Why Hens Stop Laying Eggs

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Why Have My Laying Hens Stopped Laying?

The timing of this post is perfect. I got an email from a friend of mine who was so worried about her hens. This is her second year with them and she was concerned that they looked disheveled and had stopped laying. I asked her to investigate further, but with 18 month old chickens in the fall, I was hedging my bets that her hens had stopped laying for the most prevalent reason laying hens stop laying. Molt.

Have your laying hens stopped laying eggs? It is most likely for one of these fairly common reasons: Molt, inadequate light, poor nutrition, stress, or parasites.

Molting & Insufficient Daylight Hours

These factors are often one in the same. As the day get shorter, hens tend to go into a molt, but often not until their second autumn. During molt, all of the bird’s energy goes into growing new feathers. For information on chicken molt, find the ins and outs of molting from Timber Creek Farmer. If it’s duck molt you’re looking for, check out Duck Molt: The Pillow Fight in My Yard by yours truly.

Laying hens require fourteen hours or daylight to lay at optimal levels. High production breeds may continue to lay despite the shorter days, but most backyard laying hens will reduce the amount of eggs they lay or stop completely. You can avoid molting and lack of production by adding supplemental lighting. But wait, it’s it good for the hen to molt? Laying hens in good health only need to molt every other year. During the molt years, just begin adding supplemental lighting after the hens begin to show signs of molting.

You may also enjoy  Where to Free Range Chickens in Winter

Improper Nutrition

Proper nutrition is essential when it comes to egg production. You may think that because you have your laying hens on a balanced commercial diet that all is well, but that isn’t always the case. I have been feeding the same commercial feed for two years. Recently the production in my laying hens dropped. I didn’t see any connection until I went to the feed store and they were out of my regular feed. I got a different mix from the same company and started feeding my laying hens the new food. Two days later, I got more eggs than I had gotten in the last few months. The trend stayed and I now feed the new mix exclusively.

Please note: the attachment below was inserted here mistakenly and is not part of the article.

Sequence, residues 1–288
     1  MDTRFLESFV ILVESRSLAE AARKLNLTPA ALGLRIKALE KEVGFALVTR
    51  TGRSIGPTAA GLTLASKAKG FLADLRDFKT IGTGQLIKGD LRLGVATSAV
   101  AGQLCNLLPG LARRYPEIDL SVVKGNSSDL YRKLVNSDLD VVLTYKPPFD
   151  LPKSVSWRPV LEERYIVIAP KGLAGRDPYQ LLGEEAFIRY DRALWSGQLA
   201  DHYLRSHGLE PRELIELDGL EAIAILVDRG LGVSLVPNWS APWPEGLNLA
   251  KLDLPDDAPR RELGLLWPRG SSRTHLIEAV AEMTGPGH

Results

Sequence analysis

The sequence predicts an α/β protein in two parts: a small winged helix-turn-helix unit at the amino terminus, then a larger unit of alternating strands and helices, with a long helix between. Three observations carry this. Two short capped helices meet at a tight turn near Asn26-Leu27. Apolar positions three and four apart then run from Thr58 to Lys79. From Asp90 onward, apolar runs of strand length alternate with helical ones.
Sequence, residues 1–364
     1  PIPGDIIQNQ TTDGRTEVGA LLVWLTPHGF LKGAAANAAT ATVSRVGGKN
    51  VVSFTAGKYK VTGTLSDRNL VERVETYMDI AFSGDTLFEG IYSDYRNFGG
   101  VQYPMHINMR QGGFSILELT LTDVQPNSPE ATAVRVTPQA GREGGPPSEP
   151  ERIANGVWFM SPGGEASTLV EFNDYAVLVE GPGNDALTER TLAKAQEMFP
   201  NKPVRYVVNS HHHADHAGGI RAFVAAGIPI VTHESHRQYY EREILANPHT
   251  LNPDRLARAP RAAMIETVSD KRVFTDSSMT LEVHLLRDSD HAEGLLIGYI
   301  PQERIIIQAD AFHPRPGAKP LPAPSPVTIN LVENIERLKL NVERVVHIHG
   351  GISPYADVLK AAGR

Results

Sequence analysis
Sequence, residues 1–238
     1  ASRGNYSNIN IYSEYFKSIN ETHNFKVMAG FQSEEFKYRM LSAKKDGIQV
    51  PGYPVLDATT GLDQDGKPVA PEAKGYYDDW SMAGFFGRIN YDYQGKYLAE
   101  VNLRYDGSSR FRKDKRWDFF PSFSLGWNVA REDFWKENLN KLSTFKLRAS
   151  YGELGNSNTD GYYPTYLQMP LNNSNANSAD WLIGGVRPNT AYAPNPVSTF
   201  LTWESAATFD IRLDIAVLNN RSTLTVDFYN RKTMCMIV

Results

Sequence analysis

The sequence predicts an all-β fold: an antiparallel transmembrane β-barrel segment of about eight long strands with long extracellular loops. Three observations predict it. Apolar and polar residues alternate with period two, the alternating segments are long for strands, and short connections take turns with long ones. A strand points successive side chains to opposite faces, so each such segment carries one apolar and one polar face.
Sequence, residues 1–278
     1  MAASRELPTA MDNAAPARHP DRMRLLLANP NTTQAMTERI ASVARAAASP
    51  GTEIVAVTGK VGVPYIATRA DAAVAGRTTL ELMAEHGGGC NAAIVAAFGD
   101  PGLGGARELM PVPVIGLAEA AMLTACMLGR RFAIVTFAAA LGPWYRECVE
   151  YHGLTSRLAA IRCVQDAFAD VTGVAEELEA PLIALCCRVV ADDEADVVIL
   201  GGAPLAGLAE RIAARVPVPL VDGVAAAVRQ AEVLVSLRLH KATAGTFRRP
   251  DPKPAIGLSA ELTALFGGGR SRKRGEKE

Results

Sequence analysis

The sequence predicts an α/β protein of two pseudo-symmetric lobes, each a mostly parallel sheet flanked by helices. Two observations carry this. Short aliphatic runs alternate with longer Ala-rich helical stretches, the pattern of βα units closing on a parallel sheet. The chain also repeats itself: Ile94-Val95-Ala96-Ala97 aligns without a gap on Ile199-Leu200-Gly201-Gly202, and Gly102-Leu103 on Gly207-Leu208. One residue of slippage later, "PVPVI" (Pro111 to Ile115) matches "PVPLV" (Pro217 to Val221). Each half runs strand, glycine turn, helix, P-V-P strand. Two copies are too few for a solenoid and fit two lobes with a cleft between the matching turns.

Have your laying hens stopped laying eggs? It is most likely for one of these fairly common reasons: Molt, inadequate light, poor nutrition, stress, or parasites.

Another thing to take into account is the feeding habits of your laying hens. You may be feeding a top-of-the-line feed, but if you’re hens prefer to free range all day, are they getting all the nutrients they need? If one hen is being bullied, is she getting enough food to produce eggs? Spend some time observing your flock if egg production seems to be dwindling.

Parasites – Internal & External

No one likes to be bugged and your laying hens are no exception. Internal parasites such as a high worm load can make your laying hen sick. If she is sick, she wont want to lay eggs. Her body will be focused on making her well. External parasites such as mites can cause irritation, stressing your chicken.

Stress

I have a big sign on the front of my coop that reads “Healthy Eggs from Happy Hens.” Stressed out laying hens do not produce eggs and if they do, they can sometimes be low quality eggs with thin shells or odd shapes. There are a number of things that may cause stress for your laying hens.